Just Read: Molecular and serological testing of COVID-19: implication of multiple shedding routes (how does the antibody test work?)

2020.03 COVID Ted Eytan MD 3-1003 882
2020.03 COVID Ted Eytan MD 3-1003 882 (View on Flickr.com)

I thought about making this post accessible to a lay audience, however, in the interest of expediency, I’ll just speak in scientific language. Feel free to ask questions in the comments.

This paper is a study of 100+ patients in China, with a subset of 16 patients with confirmed coronavirus illness who were tested using two different tests:

  1. A “molecular” or really “viral” test – this is the kind of test being used today. It detects the genetic material of viruses from the part of the body sampled from. Samples are obtained via swab from the nose, throat, lungs, or anus (by the researchers). Today, most samples are obtained via the nose (back of throat).
  2. A “serology” or really “antibody” test – this is not the kind of test being used today (yet). It looks for the body’s reaction to the virus – antibodies. This is important because this is the body’s memory of a pathogen. Typically, antibodies will be available for a time after the pathogen is gone. Meaning, we can tell if someone has had an infection in the past.

We can test for antibodies

This is a good finding. The coronavirus is indeed immunogenic, and very specifically so.

  • There’s a rise in IgM antibodies in the beginning of an infection (as tested at day 10 of medical treatments for the 16 patients).
2020.03 COVID Ted Eytan MD-1001 883
2020.03 COVID Ted Eytan MD-1001 883 (View on Flickr.com)
  • There’s a rise in IgG antibodies, the most important ones for long lasting immunity, to the point that 100% of the 16 patients tested positive at day 15 of medical treatments.
2020.03 COVID Ted Eytan MD 2-1002 881
2020.03 COVID Ted Eytan MD 2-1002 881 (View on Flickr.com)

This type of test (ELISA) is the kind that was used in the early years of HIV/AIDS. From a complexity perspective, it’s an easier test to do than the viral test. My understanding is that this type of test could be packaged in a self-contained unit. It does require blood, though.

The current test has limitations

As the study shows, what seems to happen is that the virus initially tests positive in the upper respiratory tract, and then tests negative there, and then positive in the intestinal tract (anus). This may indicate that testing only from the nose/throat may cause an incorrect intepretation that the infection is cleared. This is bad because it would cause more people to be infected.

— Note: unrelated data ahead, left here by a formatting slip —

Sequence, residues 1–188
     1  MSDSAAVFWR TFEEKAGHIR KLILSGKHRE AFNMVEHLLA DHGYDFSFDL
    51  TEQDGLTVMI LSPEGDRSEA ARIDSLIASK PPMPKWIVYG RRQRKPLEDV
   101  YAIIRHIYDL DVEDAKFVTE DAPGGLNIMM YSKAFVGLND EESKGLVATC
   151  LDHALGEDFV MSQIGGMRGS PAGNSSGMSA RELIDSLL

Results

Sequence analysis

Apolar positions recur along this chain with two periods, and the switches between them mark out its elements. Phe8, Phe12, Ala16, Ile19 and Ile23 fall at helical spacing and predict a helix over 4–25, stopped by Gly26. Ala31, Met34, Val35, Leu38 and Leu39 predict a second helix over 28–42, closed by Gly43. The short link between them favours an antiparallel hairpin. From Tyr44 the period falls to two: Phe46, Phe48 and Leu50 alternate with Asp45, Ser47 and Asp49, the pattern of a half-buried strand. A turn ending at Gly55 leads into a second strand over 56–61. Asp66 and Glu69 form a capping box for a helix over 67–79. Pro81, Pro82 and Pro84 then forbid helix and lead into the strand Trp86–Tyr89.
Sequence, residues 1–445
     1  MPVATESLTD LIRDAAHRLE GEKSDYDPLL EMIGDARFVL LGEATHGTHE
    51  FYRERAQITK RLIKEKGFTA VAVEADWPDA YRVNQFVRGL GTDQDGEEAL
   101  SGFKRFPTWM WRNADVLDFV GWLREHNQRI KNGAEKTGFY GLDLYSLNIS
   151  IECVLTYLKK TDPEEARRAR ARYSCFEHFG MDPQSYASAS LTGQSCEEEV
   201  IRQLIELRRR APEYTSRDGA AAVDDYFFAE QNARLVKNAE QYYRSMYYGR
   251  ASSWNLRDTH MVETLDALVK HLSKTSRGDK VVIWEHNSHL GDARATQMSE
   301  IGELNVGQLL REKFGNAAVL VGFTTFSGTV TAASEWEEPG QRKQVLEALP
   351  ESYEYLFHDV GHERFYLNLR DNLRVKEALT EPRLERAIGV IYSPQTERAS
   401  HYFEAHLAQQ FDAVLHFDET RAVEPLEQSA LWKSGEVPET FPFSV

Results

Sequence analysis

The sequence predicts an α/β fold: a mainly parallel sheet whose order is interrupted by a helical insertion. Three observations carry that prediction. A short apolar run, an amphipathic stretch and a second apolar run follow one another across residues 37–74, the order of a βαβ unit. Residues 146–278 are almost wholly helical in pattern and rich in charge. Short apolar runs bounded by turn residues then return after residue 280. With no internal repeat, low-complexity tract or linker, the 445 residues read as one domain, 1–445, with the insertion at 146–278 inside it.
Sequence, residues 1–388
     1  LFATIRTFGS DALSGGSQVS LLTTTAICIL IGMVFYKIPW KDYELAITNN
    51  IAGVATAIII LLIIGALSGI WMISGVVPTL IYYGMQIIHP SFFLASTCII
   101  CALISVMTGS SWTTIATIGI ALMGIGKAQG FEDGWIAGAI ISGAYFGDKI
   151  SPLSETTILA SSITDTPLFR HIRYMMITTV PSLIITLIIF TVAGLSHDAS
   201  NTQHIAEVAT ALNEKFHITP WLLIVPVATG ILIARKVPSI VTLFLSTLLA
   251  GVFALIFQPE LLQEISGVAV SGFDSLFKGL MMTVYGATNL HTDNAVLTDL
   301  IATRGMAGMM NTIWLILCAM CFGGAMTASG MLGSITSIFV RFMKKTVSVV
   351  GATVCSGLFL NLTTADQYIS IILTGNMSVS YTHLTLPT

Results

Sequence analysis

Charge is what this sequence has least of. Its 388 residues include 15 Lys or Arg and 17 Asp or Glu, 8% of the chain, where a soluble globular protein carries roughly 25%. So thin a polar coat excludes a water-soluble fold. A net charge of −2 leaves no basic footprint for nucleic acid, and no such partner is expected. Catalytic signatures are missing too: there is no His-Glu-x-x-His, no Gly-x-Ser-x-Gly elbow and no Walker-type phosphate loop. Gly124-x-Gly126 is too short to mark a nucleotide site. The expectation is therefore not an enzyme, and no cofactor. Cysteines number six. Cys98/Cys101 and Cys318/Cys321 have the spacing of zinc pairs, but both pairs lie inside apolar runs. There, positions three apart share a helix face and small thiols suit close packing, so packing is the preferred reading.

We are flying blind today, how to fly with instruments

There is now more commentary (including from our government) that both tests have a place. An antibody/immunity test can discern people who have had the infection in the past, even if they didn’t know it. A molecular/virus test can show which of those people are actively infected.

Using both of these tests, as the authors (and several other writers) describe, may be a key to isolating the right people instead of all people.

We show that the current strategy for the detection of viral RNA in oral swabs used for 2019-nCoV diagnosis is not perfect. The virus may be present in anal swabs or blood of patients when oral swabs detection negative. In SARS-CoV and MERS-CoV infected patients, intestinal infection was observed at later stages of infection [7–9]. However, patients infected with 2019-nCoV may harbour the virus in the intestine at the early or late stage of disease. It is also worth to note none of the patients with viremia blood had positive swabs. These patients would likely be considered as 2019-nCoV negative through routine surveillance, and thus pose a threat to other people. In contrast, we found viral antibodies in near all patients, indicating serology should be considered for 2019-nCoV epidemiology. A possible shift from oral positive during early infection to anal swab positive during late infection can be observed. This observation implied that we cannot dis- charge a patient purely based on oral swabs negative, who may still shed the virus by oral–fecal route. Above all, we strongly suggest using viral IgM and IgG serological test to confirm an infection, considering the unreliable results from oral swabs detection. In summary, we provide a cautionary warning that 2019-nCoV may be transmitted through multiple routes. Both molecular and serological tests are needed to definitively confirm a virus carrier.Zhang W, Du R-H, Li B, Zheng X-S, Yang X-L, Hu B, et al. Molecular and serological investigation of 2019-nCoV infected patients: implication of multiple shedding routes. Emerg Microbes Infect [Internet]. 2020 Jan 1;9(1):386–9. Available from: https://www.tandfonline.com/doi/full/10.1080/22221751.2020.1729071

Reference

Zhang W, Du R-H, Li B, Zheng X-S, Yang X-L, Hu B, et al. Molecular and serological investigation of 2019-nCoV infected patients: implication of multiple shedding routes. Emerg Microbes Infect [Internet]. 2020 Jan 1;9(1):386–9. Available from: https://www.tandfonline.com/doi/full/10.1080/22221751.2020.1729071

Additional, relevant articles

Leave a Reply

This site uses Akismet to reduce spam. Learn how your comment data is processed.

Do NOT follow this link or you will be banned from the site!
%d bloggers like this: